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Sartre and Camus told everyone that their falling out was over politics, but really it was mostly over Sartre evoking
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blakev
1462 days ago
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popular
1462 days ago
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Dugstar2020
1462 days ago
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LOLZ
toddgrotenhuis
1462 days ago
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Now you understand Camus.
Indianapolis
mwclarkson
1462 days ago
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Camus' actual ideal game is the videogame version of Candyland, in which Sartre would be unable to disregard the rules.
Providence RI USA
tante
1463 days ago
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Become the hero of the absurd
Oldenburg/Germany

Another Empty, Lifeless Planet Found

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planet

Scientists using NASA’s Hubble Space Telescope have discovered yet another dead and lifeless planet drifting around a silent, pulsing sun-like star over 100 light-years away.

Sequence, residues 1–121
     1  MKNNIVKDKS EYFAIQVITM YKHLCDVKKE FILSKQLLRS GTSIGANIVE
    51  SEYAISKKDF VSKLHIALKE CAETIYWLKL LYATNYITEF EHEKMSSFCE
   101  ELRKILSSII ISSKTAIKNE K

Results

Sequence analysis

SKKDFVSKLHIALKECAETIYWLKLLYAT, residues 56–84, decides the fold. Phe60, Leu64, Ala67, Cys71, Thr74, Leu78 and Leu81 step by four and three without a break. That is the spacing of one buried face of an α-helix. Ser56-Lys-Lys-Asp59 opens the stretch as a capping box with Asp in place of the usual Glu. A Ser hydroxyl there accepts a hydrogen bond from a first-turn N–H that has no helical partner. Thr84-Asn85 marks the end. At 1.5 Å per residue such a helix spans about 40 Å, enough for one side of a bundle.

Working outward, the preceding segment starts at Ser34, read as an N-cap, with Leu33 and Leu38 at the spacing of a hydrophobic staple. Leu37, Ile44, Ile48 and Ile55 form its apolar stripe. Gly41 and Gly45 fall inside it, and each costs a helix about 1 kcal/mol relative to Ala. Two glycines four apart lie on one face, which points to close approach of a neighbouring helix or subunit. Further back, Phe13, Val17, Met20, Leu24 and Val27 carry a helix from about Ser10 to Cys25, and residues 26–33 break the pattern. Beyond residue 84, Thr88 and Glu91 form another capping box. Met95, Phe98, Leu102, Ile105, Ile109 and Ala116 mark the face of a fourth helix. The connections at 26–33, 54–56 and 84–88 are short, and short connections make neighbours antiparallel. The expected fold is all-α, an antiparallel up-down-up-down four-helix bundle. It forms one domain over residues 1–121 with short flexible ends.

Members of the research team were able to muster enough false excitement and strained smiles to call a press conference. A representative from the team described the new planet as “startlingly similar to Earth in appearance, with a “deep blue” color and similar orbital pattern. “But,” he added, “the daytime temperatures on RS-47 generally reach 2500 degrees Fahrenheit, and every night it rains glass, sideways, in vast, shrieking storms that tear up the surface of the planet.”

“These winds,” he continued, looking visibly shaken, “often reach speeds up to 4000 miles per hour.”

There was silence as everyone in the room struggled with the same mental image.

“It’s not even blue because of the oceans,” another member of the team announced. “It’s from massive cloud systems that are laced with silicate particles. It’s — it’s tiny shards of glass suspended in the atmosphere that reflect blue light, in an obscene parody of our own Earth.”

One of the scientists who had not yet spoken began to sing quietly, almost to himself:

Ground control to Major Tom 
Commencing countdown, engines on
Check ignition and may God’s love be with you…

“It will probably give us some insight into how other dead and barren planets have been created,” lead scientist Kim Travers said with an audible quaver in her voice, “so that’s something, at least.”

“Yes,” a colleague to her right said. “That’s something, that is. That isn’t nothing. We’re not–what we’re doing isn’t nothing.” He closed his hands into fists, then opened them again.

“There may be some dust on the surface of the planet that we can study,” Travers continued. “It might be–it might be red dust, or pinkish-red, or brown. We can study the dust. The dead dust. We can study it. We can study the dead dust.”